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How Colour on Your Website Can Improve Conversions and User Experience

VitaliyKolos Color Theory Nov 11, 2019

Finding the right colours can help increase your conversion rate with your target audience.

For example did you know each colour represents an emotion? Keep reading to find out which colour represents each emotion and trigger keywords.

It’s always best to enlist in a good web design company that understands great design and also builds optimised websites with colour theory in mind. For example, UK, Bristol based Ben Smith is a web designer with real world graphic design experience and colour psychology understanding applies this thought process. If you are on a budget or want to explore colour on your own website you can follow these tips and facts below.

Colour meanings: More than just pixels on a screen

Red conveys Energy, Action: Desire, Passion

Orange conveys Adventure, risk, conversation, Friendship, forward thinking

Yellow conveys Happiness and fun, optimism, affordable, confidence, communication, new ideas

Blue conveys Communication, trustworthy, Peace, Honesty, authority and wisdom

Purple/Violet conveys Inspiration, thinkers, creativity, individual, subconscious

Turquoise conveys Communication, balance, success, trendy, elite, expensive

Pink conveys Love, compassion, nurturing, understanding, respect, positive, inspire

Silver conveys Illumination, forward thinking, modern, clear, strong, energy, wealth, expensive, class, corporate

Gold conveys Success, winners, wealth, expensive, elegance, value, quality, status

White conveys Innocence, clean, pure, stress free, moving on, clear, modern

Black conveys Mystery, secretive, luxury, dark, power, control, unknown

How colours work: Understand what colours go together

Primary colours these cannot be created by mixing other colours together.

Secondary colours are formed by mixing two primary colours: blue and yellow create green, red and yellow create orange.

Tertiary colours are achieved by combining primary and secondary colours: blue-green or red-orange.

Complimentary colours are colours that compliment each other - they are located at opposite end of the colour wheel. These include blue and orange, purple and yellow, and red and green. Analogous colours are located next to each other on the colour wheel - they match well but are more hues / shades of the colour used eg Violet, Blue Violet, Blue, Blue Green, Green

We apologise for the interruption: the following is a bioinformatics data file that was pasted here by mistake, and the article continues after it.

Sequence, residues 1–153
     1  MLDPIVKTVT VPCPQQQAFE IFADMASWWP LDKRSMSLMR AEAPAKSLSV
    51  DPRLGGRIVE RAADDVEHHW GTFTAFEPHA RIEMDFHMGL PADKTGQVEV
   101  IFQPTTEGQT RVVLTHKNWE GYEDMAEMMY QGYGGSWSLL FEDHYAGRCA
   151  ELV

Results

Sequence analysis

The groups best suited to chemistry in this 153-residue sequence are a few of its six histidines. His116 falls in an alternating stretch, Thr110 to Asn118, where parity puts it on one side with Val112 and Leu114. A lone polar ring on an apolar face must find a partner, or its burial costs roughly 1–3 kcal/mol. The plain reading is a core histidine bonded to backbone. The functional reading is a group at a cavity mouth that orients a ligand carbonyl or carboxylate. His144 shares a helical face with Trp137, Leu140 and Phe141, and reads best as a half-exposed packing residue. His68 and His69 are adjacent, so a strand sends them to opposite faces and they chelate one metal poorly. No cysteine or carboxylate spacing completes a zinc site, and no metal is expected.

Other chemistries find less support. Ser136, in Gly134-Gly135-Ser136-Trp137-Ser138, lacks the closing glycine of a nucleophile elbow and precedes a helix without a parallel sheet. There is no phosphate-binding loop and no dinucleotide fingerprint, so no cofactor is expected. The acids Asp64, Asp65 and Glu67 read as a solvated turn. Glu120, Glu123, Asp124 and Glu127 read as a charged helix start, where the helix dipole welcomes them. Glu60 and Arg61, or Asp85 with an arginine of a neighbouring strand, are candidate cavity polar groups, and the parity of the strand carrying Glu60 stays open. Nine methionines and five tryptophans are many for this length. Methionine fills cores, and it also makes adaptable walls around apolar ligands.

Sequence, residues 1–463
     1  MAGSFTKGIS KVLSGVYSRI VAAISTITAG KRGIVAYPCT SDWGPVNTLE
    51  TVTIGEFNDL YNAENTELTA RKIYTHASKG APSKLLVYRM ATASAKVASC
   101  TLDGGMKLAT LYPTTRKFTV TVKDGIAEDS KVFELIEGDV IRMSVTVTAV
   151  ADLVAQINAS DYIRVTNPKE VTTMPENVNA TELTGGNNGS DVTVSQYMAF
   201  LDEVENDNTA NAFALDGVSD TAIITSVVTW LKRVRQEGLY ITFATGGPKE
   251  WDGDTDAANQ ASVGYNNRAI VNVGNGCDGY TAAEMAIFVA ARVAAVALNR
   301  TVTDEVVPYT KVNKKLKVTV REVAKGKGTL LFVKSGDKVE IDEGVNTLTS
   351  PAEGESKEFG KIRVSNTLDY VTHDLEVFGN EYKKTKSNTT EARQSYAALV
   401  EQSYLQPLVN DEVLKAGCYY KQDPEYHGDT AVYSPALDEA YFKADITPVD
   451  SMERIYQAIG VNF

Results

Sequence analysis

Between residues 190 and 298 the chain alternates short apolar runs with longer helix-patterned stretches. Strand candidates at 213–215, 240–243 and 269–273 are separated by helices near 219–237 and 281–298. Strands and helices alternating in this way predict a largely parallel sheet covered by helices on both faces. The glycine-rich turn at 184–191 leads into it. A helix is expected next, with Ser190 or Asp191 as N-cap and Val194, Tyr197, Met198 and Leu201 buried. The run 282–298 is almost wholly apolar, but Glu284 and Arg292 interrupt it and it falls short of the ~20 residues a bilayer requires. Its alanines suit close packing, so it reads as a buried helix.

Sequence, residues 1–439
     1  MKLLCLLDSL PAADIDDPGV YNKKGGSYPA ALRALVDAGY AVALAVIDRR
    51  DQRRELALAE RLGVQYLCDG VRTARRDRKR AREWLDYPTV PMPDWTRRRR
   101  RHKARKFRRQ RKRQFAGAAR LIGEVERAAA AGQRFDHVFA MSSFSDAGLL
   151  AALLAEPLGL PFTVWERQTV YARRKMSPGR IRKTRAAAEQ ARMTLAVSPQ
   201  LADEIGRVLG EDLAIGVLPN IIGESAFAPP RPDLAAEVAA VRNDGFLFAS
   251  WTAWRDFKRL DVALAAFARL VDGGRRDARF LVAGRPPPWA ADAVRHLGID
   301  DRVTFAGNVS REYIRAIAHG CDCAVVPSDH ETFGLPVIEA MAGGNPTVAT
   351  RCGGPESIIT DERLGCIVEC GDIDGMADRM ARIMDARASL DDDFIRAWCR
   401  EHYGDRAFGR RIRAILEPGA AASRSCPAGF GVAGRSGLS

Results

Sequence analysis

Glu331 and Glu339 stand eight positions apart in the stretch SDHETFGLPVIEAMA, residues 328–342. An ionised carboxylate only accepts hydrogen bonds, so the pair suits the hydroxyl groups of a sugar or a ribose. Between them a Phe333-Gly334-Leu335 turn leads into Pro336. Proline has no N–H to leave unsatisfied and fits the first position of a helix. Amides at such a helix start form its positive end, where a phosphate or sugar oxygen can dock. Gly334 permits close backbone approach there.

Make a great first impression: You only get one chance!

Research shows people make a subconscious decision about your website within 90 seconds of viewing it and between 62 percent and 90 percent of that judgment is based on colour alone.

According to data from Kissmetrics, colour increases brand recognition by up to 80 percent, so its very important to do research into your target demographic and keep branding consistent between all online and offline promotions.

Break it down: Colour preference by gender and age

A survey conducted by Philip Cohen, a sociologist from the University of Maryland, asked 2,000 men and women the simple question:

“What is your favorite color?” The colour most often given in response was “blue,” for both male and female.

See breakdowns of colour by specific gender and age groups below.

Colour preference by percentage Male and Female

Men

Blue - 42%

Green - 25%

Red - 8%

Dark Yellow - 7%

Yellow - 5%

Purple - 12%

Light Purple - 1%

Women

Blue - 29%

Green - 19%

Red - 9%

Light Purple - 7%

Yellow - 6%

Dark Yellow - 3%

Purple - 2%

Colour preference by percentage Under 19 years - 55+ years

Teenagers under 19

Charcoal Black

Denim Blue

Splashed White

Jade Black

Crimson Red

Tangerine Orange

Young Adult 20 - 30 years

Caroline Blue

Quartz Silver

Hickory Brown

Sand Gold

Cherry Red

Egg Plant Purple

Adults 30 - 40 years

Oxford Blue

Powder Blue

Earl Grey

Dull Magenta

Emerald Green

Heather Purple

Middle Aged 40 - 55 years

Pebble Black

Misty Grey

Smokey Teal

Apricot Pink

Pine Green

Pantone Plum

Senior Citizens 55+ years

Sauve Mauve

Pale Beige

Snow Blue

Frosty Lime

Crepe Pink

Candle White

Get creative: Create your own colour pallet

Whether you have a good eye for design or just starting out, there are some good online tools to help you achieve a great looking website by saving hours of testing combinations. For example:

Adobe Color and coolors.co - these are free to use and offer quick generated examples of tried and tested colour combinations for you to use instantly.

Don’t be scared to experiment in creating a unique brand.

Proven: Colour conversion results example

HubSpot publicly shared their results of an A/B test they carried out looking at the impact of colour and the relationship to website conversions.

Two pages which were identical except the call to action button where created - one had a green button and the other page had a red button. Hubspot ran the experiment, they had over 2,000 visits to the page.

At the end of the A/B test, the green button attracted 21% more clicks than the red.

Colour Conclusion: Optimise your website

Colour is very important in web design - you should adapt your colour pallet to your target audience for maximum results.

Automate your colour palettes by using website tools but above all A/B test different combinations to see what works for you.

Keep branding consistent to achieve higher results.

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